When A Cell Phone Just Won't Do

As if Hong Kong's 6.8 million mobile phones one for every man, woman and child weren't enough, locals are suddenly swarming to embrace the original means of talking while walking.

Fans say http://formerbullies.com/blog/2015/08/two-way-radios-useful-communication-devices/ walkie-talkies are good for chatting up friends, making plans or listening in on strangers. Some wear them like wristwatches, recalling the old "Dick Tracy" comics, in the latest incarnation of gadget-crazed Hong Kong's irresistible urge to stay continually connected.

The trend picked up early in the year, when the territory's government relaxed controls on two-way radios, letting consumers use them within 2 miles without a license.



Forty-year-old financial analyst Andrew Lam recently bought his first walkie-talkie for about $45 after his friends started using them. Lam bought it primarily for hiking trips but admits he also gets a kick out of tuning into other people's conversations.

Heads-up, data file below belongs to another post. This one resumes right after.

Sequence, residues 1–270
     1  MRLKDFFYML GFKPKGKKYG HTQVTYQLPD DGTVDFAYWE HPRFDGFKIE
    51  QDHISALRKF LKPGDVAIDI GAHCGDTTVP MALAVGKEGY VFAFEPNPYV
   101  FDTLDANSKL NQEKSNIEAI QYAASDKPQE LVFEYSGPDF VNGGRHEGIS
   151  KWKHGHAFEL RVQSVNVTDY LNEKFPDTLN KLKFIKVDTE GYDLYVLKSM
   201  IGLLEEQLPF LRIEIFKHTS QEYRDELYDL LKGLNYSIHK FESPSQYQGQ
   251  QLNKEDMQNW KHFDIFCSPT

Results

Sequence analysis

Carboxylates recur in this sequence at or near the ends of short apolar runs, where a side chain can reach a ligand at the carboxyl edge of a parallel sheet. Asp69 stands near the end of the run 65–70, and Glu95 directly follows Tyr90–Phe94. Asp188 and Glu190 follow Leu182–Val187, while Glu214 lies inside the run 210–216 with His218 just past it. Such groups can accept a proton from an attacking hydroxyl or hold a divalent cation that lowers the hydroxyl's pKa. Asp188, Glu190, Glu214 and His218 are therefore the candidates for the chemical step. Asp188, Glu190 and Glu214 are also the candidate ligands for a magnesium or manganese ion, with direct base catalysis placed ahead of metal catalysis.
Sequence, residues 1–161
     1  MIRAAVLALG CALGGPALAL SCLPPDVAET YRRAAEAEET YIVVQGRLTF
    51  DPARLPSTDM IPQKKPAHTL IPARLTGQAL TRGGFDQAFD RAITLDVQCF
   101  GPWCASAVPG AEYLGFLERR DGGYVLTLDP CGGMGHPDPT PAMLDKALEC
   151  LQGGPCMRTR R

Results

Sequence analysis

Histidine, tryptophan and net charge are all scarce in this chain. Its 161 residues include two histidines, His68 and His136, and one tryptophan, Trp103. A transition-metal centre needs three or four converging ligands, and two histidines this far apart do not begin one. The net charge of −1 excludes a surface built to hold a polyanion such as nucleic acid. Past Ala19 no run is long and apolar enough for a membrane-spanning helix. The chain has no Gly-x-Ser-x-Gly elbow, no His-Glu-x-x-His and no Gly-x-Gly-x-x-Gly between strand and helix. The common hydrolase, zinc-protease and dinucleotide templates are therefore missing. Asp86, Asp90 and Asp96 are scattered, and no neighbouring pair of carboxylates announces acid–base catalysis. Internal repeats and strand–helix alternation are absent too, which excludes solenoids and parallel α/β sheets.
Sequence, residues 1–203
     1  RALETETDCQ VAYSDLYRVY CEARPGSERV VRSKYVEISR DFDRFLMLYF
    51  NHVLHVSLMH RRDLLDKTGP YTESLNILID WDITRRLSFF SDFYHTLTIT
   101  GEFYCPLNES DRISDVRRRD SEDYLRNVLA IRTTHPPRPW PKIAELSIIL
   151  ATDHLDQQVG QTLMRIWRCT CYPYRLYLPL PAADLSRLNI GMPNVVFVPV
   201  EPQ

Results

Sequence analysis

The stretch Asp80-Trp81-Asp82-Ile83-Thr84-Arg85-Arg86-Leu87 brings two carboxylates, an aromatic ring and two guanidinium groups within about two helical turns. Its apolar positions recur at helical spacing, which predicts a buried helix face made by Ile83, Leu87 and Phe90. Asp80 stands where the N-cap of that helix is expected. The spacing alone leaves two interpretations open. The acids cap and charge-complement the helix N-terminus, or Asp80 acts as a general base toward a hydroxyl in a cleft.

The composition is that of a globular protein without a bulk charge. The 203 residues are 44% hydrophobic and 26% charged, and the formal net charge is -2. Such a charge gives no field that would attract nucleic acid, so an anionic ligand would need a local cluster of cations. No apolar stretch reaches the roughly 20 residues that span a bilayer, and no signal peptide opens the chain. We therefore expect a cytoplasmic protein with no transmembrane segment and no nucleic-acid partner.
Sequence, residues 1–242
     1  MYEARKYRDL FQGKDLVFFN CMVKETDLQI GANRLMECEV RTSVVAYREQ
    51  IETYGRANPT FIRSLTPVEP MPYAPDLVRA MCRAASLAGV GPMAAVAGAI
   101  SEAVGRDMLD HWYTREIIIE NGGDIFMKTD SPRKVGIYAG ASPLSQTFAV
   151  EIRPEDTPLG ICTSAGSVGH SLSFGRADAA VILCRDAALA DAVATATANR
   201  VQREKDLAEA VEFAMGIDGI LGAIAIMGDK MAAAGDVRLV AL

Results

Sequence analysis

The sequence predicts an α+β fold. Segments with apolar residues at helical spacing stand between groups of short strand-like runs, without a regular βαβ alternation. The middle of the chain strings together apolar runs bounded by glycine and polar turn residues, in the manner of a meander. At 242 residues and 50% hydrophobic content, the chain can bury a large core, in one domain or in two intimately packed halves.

"I was nosy and wanted to see what other people were talking about," Lam said. "They usually talk about general stuff. People would ask, `Is somebody here?' but I wouldn't respond."

Hong Kong-based walkie-talkie manufacturer Tsuen Shing Enterprises sold more than 10,000 sets in October five times as many in September, a spokeswoman said.

The trend doesn't appear to be posing any threat to Hong Kong's ubiquitous mobile phones. They still ring pretty much wherever you go.

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